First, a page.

It’s easy to preach a top-down commitment to develop a profitable precision farming business. But how much of an investment — both financially and time wise — does that really require from ownership?

Managing a dealership hasn’t gotten any easier in recent years, and leadership within large and small-store operations are still scratching their heads over where to take their precision business in the future. But there are those who have taken an active approach in recruiting tech talent, holding employees accountable and creating a culture of collaborative expectations.

During a dealer-to-dealer panel discussion moderated by ag dealer consultant George Russell at the 2020 Precision Farming Dealer Summit on Jan. 6-7, 3 executives share their experience-based insights on building and broadening a progressive precision business.  

Speakers for this panel include:


Tom Rosztoczy

Tom Rosztoczy, President and CEO, Stotz Equipment (2013 Dealership of the Year). Founded in 1947, and now has 25 locations covering Arizona, California, Colorado, Idaho, Nevada, New Mexico, Utah and Wyoming. The dealership’s precision farming department has grown from less than $1 million in revenue in 2016 to over $4 million in 2019. The 17-person team now offers a mix of services including data automation, fleet optimization, imagery analysis, moisture sensing, precision land forming and agronomic services.

“From a pecision standpoint, our objective is simple,” Rosztoczy (far left) says. “Our customers should outperform their peers.”


Kevin Hemmelgarn

Kevin Hemmelgarn, store manager, Apple Farm Service. Seeking a defined approach to increasing revenue and employee retention within its precision business, 4-store Apple Farm Service took action to overhaul its structure, requiring a top-down investment from management to be active leaders. With annual revenue of about $35 million — including about $450,000 on the precision side — getting company-wide buy-into its precision plan is a work in progress. But Hemmelgarn, who has been store manager of the Botkins, Ohio, location since 2013, has helped shape the new vision for precision department, which includes cross-training between departments to alleviate precision burnout.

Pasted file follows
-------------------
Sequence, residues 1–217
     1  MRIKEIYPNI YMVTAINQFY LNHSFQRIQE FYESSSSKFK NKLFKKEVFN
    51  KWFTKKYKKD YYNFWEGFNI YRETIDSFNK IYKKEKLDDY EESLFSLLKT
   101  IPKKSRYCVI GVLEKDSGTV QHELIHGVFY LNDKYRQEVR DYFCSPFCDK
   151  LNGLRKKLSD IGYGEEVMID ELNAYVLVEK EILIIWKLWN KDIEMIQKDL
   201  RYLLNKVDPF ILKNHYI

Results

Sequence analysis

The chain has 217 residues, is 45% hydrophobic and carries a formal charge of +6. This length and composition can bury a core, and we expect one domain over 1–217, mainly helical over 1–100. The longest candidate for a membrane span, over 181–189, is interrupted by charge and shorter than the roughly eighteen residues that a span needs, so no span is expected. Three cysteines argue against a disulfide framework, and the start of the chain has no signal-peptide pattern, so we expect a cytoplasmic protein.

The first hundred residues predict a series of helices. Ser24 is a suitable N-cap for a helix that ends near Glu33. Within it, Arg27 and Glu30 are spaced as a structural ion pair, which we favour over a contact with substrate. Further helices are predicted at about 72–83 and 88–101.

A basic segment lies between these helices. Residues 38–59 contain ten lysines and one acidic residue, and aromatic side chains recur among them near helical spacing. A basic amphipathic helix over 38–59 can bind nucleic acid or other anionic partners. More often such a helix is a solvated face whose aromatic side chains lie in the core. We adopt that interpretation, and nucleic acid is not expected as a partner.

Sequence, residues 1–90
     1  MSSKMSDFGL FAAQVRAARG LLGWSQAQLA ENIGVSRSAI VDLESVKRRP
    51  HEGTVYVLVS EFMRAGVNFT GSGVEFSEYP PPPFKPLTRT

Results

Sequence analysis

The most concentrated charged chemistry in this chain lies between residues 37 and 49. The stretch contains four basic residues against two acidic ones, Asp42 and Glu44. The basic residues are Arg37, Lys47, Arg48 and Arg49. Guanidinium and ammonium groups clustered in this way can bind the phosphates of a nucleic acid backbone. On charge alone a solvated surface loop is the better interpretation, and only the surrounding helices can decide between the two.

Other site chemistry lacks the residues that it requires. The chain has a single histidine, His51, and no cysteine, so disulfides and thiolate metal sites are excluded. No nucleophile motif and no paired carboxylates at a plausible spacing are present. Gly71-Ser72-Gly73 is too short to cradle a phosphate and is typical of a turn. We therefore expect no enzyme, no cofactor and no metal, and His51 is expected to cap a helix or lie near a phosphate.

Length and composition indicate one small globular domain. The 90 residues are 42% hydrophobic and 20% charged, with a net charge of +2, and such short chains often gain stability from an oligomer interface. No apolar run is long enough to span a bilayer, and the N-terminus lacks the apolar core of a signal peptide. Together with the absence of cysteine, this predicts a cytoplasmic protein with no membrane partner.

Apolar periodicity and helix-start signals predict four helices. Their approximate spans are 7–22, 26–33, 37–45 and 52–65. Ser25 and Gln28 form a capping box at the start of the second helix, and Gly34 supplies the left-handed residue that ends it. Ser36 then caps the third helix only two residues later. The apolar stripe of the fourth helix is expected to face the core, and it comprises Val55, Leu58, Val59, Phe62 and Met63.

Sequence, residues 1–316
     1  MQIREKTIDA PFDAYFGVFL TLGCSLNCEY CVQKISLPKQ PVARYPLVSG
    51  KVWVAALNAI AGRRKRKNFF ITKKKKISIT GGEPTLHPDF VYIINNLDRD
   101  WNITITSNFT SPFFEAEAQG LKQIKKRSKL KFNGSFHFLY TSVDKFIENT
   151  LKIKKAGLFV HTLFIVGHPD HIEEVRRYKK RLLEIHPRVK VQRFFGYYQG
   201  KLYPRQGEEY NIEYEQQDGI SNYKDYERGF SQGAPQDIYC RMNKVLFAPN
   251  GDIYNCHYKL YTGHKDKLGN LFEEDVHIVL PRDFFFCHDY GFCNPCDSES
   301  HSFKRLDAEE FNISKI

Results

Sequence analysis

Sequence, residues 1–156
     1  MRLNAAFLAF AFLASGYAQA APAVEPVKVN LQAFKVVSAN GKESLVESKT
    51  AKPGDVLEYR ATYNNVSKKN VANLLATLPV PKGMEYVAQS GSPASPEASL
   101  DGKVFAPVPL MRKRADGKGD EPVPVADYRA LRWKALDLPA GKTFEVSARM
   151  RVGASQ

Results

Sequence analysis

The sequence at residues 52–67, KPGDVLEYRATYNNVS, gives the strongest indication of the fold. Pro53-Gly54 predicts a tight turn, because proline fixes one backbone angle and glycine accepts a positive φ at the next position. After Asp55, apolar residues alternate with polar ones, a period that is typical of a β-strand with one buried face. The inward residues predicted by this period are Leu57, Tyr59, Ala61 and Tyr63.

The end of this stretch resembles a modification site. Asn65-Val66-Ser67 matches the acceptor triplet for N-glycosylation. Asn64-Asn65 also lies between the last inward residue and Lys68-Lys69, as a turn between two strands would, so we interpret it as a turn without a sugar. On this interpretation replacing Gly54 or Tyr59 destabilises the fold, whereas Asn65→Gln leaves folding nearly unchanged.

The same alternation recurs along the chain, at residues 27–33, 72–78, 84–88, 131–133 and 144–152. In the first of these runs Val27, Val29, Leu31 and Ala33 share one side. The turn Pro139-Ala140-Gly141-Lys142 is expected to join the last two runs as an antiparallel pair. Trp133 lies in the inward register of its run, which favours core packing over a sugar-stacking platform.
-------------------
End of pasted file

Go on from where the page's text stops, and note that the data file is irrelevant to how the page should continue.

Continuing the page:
“We’re going all-in and starting with management learning and developing a more in-depth knowledge of precision farming to better understand and have more credibility,” Hemmelgarn says.


Rob Schmidt

Rob Schmidt, COOTruAcre Technology, Muscatine, Iowa. Schmidt has been a leader for the independent precision dealership since its inception in 2014 and helped establish a reputation for providing colorblind ag tech advice, based on in-field trials and product test plot analysis. Along with the support of an administrative team, he oversees day-to-day operations of 5 full-time precision staff who increased annual revenue to $3 million in 2019 and developed a unique sales process which includes a detailed interview process with customers to evaluate needs vs. wants.

“Our colorblind service and technology support simplified agriculture for our clients,” says Schmidt. “But we aren’t just a technology company, we are out there working with farmers every day, helping with their technology.”

Co-located with the 28th Annual National No-Tillage Conference, the 2020 Summit will be held Jan. 6-7 at the historic Union Station Hotel in St. Louis. Among the Title Sponsors making the learning and networking opportunities possible for dealers are Ag Express ElectronicsCopperhead AgDigiFarm VBNLaforge Systems, RealmFiveReichhardt Electronic InnovationsTopcon Agriculture and Yetter Farm Equipment.

3 Things You Will Learn from this Session

  1. Leadership lessons on when to step into precision problem-solving and when to step back 
  2. Why an overhaul of your precision business can sharpen revenue goals and improve employee morale 
  3. How a holistic, transparent approach to managing a precision business can increase employee buy-in 

For more information and to register for the Summit click here. We’ll see you in St. Louis!